Sanctuary's Assistant Editor Anirudh Nair reviews Swati Thiyagarajan’s Born Wild.
By Swati Thiyagarajan
Paperback, 233 pages, Rs. 496/-
Environmental reporter Swati Thiyagarajan’s words in Born Wild have the same earnestness as her voice on NDTV’s one-of-its kind, award-winning series. What she achieves brilliantly through this book, as her editor Pranoy Roy mentions in the foreword, is connecting the dots between our everyday choices and resultant ecological damage, which we view as another person’s problem. And what she reinforces and stays with you is – it is not so much the livelihood choices of the few living close to our forests, as it is the lifestyle choices of the majority living far from it that is at the root of the all-too-familiar distressing contemporary narrative of planet Earth.
Gifted with sensitivity to see all animals (including a catfish!) as individuals, the book is filled with stories of Thiyagarajan’s fascinating wild encounters, many in journalistic pursuit for her show of the same name as the book. She introduces species, occasionally individuals, across chapters, while laying bare stark realities, but doesn’t conclude before offering if not always solutions, at least ideas that spell hope. She writes about tigers, gorillas, lions, leopards, sloth bears, elephants, pelicans, Painted Storks, penguins, olive Ridleys, sharks, crocodiles, seals, reminding us of how incredibly lucky we are to share our planet with these wonderful beings and what we are set to lose if we do not take collective steps to protect them and their habitats.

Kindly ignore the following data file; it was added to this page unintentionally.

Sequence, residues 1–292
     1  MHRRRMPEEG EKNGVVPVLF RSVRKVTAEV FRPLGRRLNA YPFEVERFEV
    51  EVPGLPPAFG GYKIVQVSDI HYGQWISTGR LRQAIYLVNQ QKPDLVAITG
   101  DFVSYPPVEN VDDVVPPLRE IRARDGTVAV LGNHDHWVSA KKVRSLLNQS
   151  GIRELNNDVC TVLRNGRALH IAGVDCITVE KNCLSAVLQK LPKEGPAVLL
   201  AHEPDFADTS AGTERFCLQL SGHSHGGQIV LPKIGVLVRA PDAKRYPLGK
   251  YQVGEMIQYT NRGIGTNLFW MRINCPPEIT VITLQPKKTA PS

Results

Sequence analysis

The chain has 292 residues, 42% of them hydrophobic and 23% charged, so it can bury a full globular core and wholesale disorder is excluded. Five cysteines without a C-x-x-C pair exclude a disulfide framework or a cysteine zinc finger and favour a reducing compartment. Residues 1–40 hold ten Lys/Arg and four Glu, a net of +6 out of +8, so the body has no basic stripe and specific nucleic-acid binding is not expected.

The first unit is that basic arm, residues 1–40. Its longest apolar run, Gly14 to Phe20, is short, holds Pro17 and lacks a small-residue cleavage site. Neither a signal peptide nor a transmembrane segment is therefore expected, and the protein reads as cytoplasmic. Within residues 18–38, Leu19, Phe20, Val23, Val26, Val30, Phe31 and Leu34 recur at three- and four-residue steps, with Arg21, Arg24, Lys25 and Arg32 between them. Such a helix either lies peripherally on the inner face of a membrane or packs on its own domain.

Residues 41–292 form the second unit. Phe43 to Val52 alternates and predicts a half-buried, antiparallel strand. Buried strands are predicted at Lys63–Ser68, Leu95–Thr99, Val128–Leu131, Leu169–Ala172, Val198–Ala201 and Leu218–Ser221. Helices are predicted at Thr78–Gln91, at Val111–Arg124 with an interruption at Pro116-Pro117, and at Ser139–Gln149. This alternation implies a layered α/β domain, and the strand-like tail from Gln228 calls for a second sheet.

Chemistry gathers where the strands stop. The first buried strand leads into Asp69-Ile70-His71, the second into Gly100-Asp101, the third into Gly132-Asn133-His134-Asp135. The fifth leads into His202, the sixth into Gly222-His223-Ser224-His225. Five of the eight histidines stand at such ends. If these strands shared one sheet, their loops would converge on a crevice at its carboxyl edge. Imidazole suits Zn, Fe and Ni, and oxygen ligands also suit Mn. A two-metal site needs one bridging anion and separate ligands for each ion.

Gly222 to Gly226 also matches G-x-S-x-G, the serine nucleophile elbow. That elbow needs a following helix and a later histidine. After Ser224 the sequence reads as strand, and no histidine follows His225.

Thiyagarajan goes back and forth from India to Africa, perceiving conservation issues in isolation, maintaining an informative, urgent tone, and driving points home with facts. Her extensive travels enable an objectivity that never loses sight of larger, looming environmental catastrophes. Testament to over 20 years of writing and reporting for television is her crisp prose, which makes it difficult to put down the book without finishing a chapter.
Reading about her childhood reminiscences interspersed throughout the book; one wishes for more Uncle Siddharths in our world to make us warriors for the wild in the same mould as Thiyagarajan. Remarkably revelatory and delightfully anecdotal, Born Wild is as fiercely individualistic as the title suggests.
Reviewed by Anirudh Nair
First appeared in: Sanctuary Asia, Vol. XXXVII No. 10, October 2017.